Kiev 4, problem with shutter speeds?

Discussion in 'Leica and Rangefinders' started by escuta, Jun 23, 2018.

  1. Hello,

    84990008.jpg

    I took possession of this rather beautiful Kiev 4 recently and shot a roll of Tri-X 400 using a Gossen Lunalite meter to make the exposures. I developed the photos together with another roll of Tri-X shot on a Nikon F2 which included the above shot. The Kiev photos look overexposed to me. I took a number of photos with white objects and these appear to have a halo. It that consistent with overexposure?

    Here's a shot with the Kiev:

    84950009.jpg

    And here's a shot taken with the F2 a couple of days earlier at roughly the same time of day but with a yellow filter. Again, processed together with the Kiev roll:

    84990019.jpg

    Shutter problem? Light leak? Please let me know if you have any suggestions. The physical appearance of the camera and lens is excellent and it was sold to me as a CLA'd machine.

    Thanks!

    Iain
     
  2. AJG

    AJG

    It looks like there processing streaks in both rolls, and there is some veiling flare in the Kiev shot. As for exposure, how did you determine that? The Nikon meter is a lot newer and more likely to be accurate since it is through the lens and the Kiev isn't. It also wouldn't surprise me if the Kiev fast shutter speeds are a bit slow, even after a CLA. See Gus Lazzari's comments in previous threads about Contax/Kiev cameras and the complexity of the shutter mechanism. A lens hood should help with the flare--look for a 40.5 mm vented hood on eBay for $5 or so, since it won't obstruct the viewfinder as much as a standard hood.
     
    escuta likes this.
  3. m42dave

    m42dave Dave E.

    If you have access to a CRT screen (like an old TV set or monitor) you can check shutter speed accuracy using this method:

    You already own a shutter tester

    Sometimes, what appears to be lens flare is actually caused by reflections off shiny surfaces inside the camera (not uncommon with FSU cameras). These reflections can be minimized by applying some flocking paper or touching up with a bit of flat black paint, as appropriate.
     
    escuta likes this.
  4. Thanks AJG and m42dave. Exposure for the Kiev was calculated with a Gossen Lunalite and I think for that particular shot I did incident metering, although for others, with similar outcome, I did reflected metering. Yes, I have a vented lens hood on order. Would lens flare have caused that halo effect? That's brilliant, the CRT screen test, thanks, perhaps there's an old TV at work... When I finish the current roll of film I'll have a look for possible internal reflections. One thing that occurred to me last night: I don't yet have a lens cap (it's also on order) and I'm using the original leather case to protect the lens which, by the way, has a new Hoya UV filter on it. While the filter looks clear enough, perhaps the leather case is perishing and leaving fine dust on the filter. Perhaps that might cause a halo. For sure though, a hood will help and I had a hood on the F2 for that last photo.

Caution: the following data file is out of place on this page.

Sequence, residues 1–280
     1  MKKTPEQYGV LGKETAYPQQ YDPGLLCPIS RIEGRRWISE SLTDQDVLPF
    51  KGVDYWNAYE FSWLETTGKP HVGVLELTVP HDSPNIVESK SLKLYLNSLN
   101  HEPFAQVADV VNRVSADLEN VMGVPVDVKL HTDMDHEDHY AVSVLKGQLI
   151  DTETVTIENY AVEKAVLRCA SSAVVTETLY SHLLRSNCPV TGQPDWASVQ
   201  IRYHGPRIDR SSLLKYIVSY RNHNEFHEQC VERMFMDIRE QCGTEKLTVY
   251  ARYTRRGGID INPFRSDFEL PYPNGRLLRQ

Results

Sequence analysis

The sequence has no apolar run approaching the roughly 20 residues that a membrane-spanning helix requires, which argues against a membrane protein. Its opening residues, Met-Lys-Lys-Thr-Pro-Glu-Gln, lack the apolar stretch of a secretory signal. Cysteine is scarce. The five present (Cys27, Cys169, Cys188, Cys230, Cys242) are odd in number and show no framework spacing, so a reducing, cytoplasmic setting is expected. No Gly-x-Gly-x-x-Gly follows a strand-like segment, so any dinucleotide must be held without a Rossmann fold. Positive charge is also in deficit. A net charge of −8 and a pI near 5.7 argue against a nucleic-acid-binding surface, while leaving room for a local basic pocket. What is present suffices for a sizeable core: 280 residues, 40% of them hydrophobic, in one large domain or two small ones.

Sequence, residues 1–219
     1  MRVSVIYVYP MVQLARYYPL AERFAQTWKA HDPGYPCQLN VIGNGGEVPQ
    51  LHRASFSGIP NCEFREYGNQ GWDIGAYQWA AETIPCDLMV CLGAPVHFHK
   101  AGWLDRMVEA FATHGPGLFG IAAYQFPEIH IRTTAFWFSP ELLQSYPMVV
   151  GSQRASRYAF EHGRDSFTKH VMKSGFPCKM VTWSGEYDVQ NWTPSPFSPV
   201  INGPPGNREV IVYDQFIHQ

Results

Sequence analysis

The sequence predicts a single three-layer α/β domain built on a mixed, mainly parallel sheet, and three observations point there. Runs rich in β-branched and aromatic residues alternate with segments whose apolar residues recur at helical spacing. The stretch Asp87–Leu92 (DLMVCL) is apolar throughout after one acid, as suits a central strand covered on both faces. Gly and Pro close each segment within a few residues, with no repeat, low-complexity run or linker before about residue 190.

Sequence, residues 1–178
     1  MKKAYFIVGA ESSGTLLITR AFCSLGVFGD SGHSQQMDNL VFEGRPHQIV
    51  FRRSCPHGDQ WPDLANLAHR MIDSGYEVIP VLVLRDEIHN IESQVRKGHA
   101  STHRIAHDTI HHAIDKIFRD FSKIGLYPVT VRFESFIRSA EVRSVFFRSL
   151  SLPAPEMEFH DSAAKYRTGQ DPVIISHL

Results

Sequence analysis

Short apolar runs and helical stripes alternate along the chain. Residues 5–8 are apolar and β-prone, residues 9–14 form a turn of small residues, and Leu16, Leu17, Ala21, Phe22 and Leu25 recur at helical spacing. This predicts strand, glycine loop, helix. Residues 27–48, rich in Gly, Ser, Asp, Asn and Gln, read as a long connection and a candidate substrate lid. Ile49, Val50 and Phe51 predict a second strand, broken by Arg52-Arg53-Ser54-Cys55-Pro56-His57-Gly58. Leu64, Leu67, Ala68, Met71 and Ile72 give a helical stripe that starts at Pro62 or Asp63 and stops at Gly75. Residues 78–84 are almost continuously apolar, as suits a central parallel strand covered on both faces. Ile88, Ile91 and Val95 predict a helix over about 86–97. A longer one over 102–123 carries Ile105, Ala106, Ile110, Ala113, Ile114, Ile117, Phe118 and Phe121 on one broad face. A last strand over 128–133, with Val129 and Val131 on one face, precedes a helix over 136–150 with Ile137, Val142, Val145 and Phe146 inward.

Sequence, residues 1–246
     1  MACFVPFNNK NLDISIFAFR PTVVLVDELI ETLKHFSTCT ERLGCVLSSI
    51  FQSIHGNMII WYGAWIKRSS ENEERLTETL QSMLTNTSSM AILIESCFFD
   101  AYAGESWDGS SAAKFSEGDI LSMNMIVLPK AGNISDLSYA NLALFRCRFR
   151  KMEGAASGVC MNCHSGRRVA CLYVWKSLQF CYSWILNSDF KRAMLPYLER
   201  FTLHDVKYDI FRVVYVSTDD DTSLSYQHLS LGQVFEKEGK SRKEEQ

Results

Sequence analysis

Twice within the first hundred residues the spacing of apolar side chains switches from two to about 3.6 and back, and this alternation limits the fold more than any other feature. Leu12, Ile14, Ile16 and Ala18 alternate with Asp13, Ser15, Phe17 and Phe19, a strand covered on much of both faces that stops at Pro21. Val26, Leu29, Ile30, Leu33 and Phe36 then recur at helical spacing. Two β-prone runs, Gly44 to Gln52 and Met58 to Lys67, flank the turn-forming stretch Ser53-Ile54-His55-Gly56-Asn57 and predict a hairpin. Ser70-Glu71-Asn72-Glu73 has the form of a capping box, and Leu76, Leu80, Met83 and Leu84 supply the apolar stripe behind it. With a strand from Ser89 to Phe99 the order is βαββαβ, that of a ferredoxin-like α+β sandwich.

All the best,
     
  5. AJG

    AJG

    Depending on the angle of the light sometimes even a good clean filter could cause flare. On your next roll with the camera try some shots with and without the filter where the shot is somewhat backlit like your example. That should tell you if the filter/lens combination is the problem.
     
    escuta likes this.
  6. The "halo effect", I tend to get that too with my Jupiter-8 and 8M when used at wide apertures (also in situations where flare is very unlikely - it seems to simply be how the lens renders). So if you used f/2 or f/2.8, it could be due to the lens. If it is at a more closed aperture, a lenshood could indeed be a solution.
    The Kiev shot does not look overexposed to me, actually; it just has a lower contrast (but the Nikon shot enjoyed a yellow filter) and that soft veiled look. Then again, scanning might make for a difference too here, so you should check both negatives and compare their densities.
     
    escuta likes this.
  7. Thanks Wouter. It wasn't wide open and I'm fairly certain it was at f/8, so it must have been lens flare that caused the glow. I took some other shots on the F2 with a 105mm lens without a filter and the sky was still much darker than those taken with the Kiev.

    Having complained so much about the Kiev/Jupiter, I did get some good shots and I'll post some tomorrow on the Classic Manual Cameras Thursday thread.

    All the best!
     
  8. I just got some scans back of a roll of colour film that I shot as a test. Once again, I'm not happy with the halo effect that occurs on just about anything bright in the image. I does seem that the exposure is OK (I used a Gossen meter on all shots), however the halo requires that all shots are adjusted for brightness.

    I uploaded all of the scans to a web folder. The scans are raw and were done with no level adjustment by the lab. If you can please have a look, I'd be grateful for any comments.

    Here is the link: test - Escuta (use password: "test")

    I'm still not using a lens hood, but I can't imagine that all shots would ordinarily show such flare. Notice there are 2 shots of a white bench. One is with a UV filter and the other is not, but both seem to show the same amount of halo. There's also a white garden trellis that glows madly - and the sun was practically behind my back when i took the shot.

    Is the lens a dud? If it is, at least it will be cheap to get a replacement.

    All the best,

    Iain
     

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